My colleague Joan Walsh has done a thorough job of explaining the political dynamics around the Republican National Committee’s disingenuous assault on MoveOn’s “Bush in 30 Seconds” ad contest. But there’s one aspect of this into which I want to delve a little more deeply.
At BloggerCon last fall, where talk about candidates’ blogs was the rage, it was clear that the doomsday scenario for political campaigns experimenting with “emergent democracy” went something like this: (a) Overenthusiastic supporter of candidate, “un-controlled” by headquarters, posts something impolitic on a candidate’s blog or message board. (b) Candidate’s opponents jump on the posting, spotlighting it in attack ads as if it were the campaign’s official line. (c) Candidate finds him/herself in trouble, and wonders whether all this idealistic stuff about “emergent democracy” was worth it.
Well, the scenario has now happened — albeit in a somewhat different form, since MoveOn is an advocacy group rather than a candidacy. Anyone familiar with the online world is unlikely to be fooled by the RNC attack on MoveOn: It’s painfully obvious that MoveOn was running an open competition, that some of the entries were bound to be outre or inappropriate, and that the open voting process was likely to insure that (as happened) the good entries rose to the top.
What the Republicans are doing is pretending that every single entry in the contest was endorsed by MoveOn. It’s as if I went over to the New York Times’ message boards, found some idiot’s rant about how the Trilateral Commission controls the universe, and held a press conference denouncing Arthur Sulzberger for condoning wacked-out conspiracy theories.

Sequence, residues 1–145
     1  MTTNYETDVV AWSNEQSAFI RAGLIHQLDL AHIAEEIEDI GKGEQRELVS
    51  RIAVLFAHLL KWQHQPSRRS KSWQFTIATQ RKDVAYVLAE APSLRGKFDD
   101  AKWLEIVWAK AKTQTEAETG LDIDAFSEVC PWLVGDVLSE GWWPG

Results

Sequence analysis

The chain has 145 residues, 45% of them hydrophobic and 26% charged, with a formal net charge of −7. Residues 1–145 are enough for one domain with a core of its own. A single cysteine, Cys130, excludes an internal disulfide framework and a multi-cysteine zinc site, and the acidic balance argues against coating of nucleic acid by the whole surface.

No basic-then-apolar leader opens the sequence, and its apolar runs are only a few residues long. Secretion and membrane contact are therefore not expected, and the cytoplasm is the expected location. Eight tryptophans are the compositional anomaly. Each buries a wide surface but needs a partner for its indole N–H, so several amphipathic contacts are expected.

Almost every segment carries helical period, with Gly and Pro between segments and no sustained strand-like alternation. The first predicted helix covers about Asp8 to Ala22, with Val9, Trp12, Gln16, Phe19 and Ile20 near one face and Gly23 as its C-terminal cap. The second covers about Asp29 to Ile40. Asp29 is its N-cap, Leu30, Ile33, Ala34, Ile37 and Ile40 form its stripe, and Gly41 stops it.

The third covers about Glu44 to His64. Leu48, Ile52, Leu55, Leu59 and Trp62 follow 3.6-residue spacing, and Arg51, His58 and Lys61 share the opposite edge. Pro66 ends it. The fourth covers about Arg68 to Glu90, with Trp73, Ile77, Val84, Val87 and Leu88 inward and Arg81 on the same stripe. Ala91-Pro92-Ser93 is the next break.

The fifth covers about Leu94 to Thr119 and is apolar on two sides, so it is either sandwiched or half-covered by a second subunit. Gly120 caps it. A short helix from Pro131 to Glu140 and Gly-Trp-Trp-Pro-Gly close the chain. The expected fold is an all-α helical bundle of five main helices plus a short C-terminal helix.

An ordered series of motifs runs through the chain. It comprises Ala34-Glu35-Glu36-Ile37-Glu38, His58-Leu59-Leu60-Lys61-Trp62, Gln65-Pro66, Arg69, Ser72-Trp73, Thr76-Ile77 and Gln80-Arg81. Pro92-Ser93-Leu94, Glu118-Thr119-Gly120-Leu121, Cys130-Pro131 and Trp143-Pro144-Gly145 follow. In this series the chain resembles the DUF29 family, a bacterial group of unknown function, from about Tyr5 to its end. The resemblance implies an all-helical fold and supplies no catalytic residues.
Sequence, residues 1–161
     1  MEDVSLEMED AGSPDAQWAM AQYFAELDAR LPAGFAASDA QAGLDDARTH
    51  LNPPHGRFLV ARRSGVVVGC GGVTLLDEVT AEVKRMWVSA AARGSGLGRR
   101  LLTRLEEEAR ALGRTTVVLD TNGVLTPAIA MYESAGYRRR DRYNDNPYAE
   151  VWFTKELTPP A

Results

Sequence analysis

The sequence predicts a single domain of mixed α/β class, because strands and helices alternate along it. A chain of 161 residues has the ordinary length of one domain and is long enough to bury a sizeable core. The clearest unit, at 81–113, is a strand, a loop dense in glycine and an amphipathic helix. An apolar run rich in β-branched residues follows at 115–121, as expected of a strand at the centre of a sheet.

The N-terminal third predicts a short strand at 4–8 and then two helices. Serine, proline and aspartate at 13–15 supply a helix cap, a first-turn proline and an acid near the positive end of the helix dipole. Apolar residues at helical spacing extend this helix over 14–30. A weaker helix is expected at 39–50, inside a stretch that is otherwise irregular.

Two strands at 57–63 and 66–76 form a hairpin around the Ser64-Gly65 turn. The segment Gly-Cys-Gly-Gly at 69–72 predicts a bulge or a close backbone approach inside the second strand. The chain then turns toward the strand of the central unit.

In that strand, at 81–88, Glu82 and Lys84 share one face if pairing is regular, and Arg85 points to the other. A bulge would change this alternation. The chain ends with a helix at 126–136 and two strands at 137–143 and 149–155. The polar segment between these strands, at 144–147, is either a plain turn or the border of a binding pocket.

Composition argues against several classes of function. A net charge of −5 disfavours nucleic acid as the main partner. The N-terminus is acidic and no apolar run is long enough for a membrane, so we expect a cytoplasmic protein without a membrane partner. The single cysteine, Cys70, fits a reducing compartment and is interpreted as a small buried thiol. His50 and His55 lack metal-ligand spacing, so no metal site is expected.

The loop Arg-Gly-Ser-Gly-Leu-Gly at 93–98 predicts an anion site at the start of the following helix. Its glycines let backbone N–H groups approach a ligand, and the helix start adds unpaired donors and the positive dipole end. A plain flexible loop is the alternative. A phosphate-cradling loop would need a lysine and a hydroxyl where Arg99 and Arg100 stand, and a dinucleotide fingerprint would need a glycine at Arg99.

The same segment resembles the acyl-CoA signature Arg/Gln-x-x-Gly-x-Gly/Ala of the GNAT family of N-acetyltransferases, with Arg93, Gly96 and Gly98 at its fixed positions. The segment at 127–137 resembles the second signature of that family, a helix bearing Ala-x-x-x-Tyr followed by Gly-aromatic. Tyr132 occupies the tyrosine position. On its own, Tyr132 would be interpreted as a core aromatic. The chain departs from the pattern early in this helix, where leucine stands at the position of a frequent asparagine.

Except for one thing: MoveOn was apparently vetting the entries “for legal issues.” And once you start vetting submitted content, you’re considered (under the law) more like a publisher. So MoveOn does have an iota of responsibility here.
In reaction to the controversy, MoveOn organizers say they will vet more carefully in the future. An alternative they should consider: Vet less. Open the mike even more. Make yourself less of a publisher, and thus less open to spurious attack. In the long run, I’m quite confident that the public will be able to understand the difference between user-generated content and a campaign’s or organization’s official material. In the short term, the Republicans are getting some dubious mileage out of deliberately confusing people.
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